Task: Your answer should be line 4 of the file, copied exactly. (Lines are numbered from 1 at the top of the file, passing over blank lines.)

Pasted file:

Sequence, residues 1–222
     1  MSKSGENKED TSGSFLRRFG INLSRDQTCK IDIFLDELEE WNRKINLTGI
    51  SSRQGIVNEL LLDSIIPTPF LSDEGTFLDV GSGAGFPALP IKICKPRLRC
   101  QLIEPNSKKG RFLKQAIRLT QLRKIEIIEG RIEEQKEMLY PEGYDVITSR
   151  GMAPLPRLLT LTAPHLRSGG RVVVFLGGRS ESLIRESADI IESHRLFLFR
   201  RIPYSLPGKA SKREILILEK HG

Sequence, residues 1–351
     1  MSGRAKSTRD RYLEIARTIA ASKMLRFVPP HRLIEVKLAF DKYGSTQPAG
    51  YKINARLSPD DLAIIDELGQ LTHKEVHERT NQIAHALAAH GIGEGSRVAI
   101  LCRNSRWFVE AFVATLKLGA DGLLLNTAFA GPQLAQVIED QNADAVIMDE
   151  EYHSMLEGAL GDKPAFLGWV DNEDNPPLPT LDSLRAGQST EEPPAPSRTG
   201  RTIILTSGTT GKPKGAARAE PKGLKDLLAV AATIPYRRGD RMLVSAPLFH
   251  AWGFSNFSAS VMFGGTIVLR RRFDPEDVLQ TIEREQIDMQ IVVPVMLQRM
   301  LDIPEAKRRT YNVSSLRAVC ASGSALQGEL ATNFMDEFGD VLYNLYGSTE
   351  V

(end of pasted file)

   101  QLIEPNSKKG RFLKQAIRLT QLRKIEIIEG RIEEQKEMLY PEGYDVITSR